Writing tests

In this guide, we'll walk through writing test for our custom Strong component in Storybook.

HSDS uses Jest and Enzyme for testing.

Directory

All of HSDS's component test files are scoped in the same directory as the component, example:

hsds-react/
└── components/
└── Strong/
└── Strong.test.js

Base test code

In our Strong.test.js file, we'll need to add:

import React from 'react'
import { mount } from 'enzyme'
import Strong from '../Strong'
describe('classNames', () => {
test('Has default className', () => {
const wrapper = mount(<Strong />)
const el = wrapper.find('Strong')
expect(el.hasClass('c-Strong')).toBe(true)
})
})

mount

HSDS favours mount rendering vs. shallow rendering for testing. The benefits are many. The only downside is mount is slightly slower compared to shallow.

Test development

For test development, open up your terminal and run the following command:

npm run dev

This fires up Jest in watch mode, and runs tests against modified files (and their associated files).

Code coverage

Coverage report, generated by Jest

To check code coverage, run the following command:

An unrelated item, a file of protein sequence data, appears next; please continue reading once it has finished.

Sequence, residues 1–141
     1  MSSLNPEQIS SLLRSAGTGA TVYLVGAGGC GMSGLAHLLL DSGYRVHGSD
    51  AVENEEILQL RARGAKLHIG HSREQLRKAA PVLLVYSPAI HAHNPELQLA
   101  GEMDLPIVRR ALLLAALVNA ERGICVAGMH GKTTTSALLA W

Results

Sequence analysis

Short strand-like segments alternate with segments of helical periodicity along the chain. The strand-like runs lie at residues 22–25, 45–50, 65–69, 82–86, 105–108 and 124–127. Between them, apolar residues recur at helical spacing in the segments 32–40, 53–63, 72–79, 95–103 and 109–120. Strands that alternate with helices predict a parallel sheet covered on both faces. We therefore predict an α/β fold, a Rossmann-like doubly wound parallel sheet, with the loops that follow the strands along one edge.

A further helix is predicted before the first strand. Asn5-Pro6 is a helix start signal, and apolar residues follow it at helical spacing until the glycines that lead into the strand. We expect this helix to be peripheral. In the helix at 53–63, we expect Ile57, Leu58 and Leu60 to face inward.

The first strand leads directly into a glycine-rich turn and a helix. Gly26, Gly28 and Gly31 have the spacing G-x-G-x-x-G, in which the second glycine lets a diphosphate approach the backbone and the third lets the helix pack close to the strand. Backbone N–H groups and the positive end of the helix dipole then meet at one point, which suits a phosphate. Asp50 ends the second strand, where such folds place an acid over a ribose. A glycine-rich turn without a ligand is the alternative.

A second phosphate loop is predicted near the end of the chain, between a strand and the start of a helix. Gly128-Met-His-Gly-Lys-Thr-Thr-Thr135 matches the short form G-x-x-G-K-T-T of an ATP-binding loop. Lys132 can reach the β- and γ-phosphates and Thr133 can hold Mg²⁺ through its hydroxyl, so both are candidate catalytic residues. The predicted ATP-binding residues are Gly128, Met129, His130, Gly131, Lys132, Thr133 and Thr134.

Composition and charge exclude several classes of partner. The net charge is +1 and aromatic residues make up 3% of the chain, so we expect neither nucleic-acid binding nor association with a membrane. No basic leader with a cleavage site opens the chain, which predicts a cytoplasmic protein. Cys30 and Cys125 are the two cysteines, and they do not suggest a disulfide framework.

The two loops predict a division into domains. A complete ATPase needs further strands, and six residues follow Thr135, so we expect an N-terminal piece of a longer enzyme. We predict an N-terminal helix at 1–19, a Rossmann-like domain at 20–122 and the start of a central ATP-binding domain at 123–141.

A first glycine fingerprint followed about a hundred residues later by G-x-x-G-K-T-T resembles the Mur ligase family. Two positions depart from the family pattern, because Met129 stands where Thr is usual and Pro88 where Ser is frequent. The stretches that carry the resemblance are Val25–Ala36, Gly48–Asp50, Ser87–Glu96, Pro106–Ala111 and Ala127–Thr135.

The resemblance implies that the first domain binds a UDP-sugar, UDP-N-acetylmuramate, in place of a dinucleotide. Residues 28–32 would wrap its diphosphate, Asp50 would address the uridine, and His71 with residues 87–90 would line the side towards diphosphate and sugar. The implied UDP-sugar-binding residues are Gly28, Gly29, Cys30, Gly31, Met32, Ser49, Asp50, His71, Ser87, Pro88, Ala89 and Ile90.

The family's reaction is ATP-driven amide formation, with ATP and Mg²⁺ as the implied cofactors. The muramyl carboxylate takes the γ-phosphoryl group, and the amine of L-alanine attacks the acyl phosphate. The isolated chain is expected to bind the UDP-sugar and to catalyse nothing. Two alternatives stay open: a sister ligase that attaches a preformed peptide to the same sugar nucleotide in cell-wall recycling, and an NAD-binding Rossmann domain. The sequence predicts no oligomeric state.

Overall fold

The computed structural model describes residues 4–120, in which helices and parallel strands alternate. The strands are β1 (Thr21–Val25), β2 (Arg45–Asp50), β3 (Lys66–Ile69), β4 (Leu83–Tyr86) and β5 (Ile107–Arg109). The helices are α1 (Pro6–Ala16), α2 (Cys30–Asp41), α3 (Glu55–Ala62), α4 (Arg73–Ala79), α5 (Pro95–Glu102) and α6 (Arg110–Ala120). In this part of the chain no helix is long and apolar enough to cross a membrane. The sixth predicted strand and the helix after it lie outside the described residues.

npm run test

This runs through the entire Jest test suite, and generates a coverage report under:

hsds-react/
└── coverage/
└── lcov-report/
└── index.html

You can open the index.html in your browser to view the full report.

Coverage

We strive to have as much coverage as posible, and for that purpose we set the threshold at 95% coverage.

Why not 100%? 100% coverage is a false metric and it does not indicate whether your component is properly tested, and while we maintained 100% coverage for a long period we noticed an excessive usage of istanbul ignore directives, this wasn't because of lazyness but because some things are close to impossible to test in the Jest/JSDOM environment or because istanbul couldn't reach the code for some reason.

Next

Let's write some documentation to make sure other folks know how to use Strong.

See also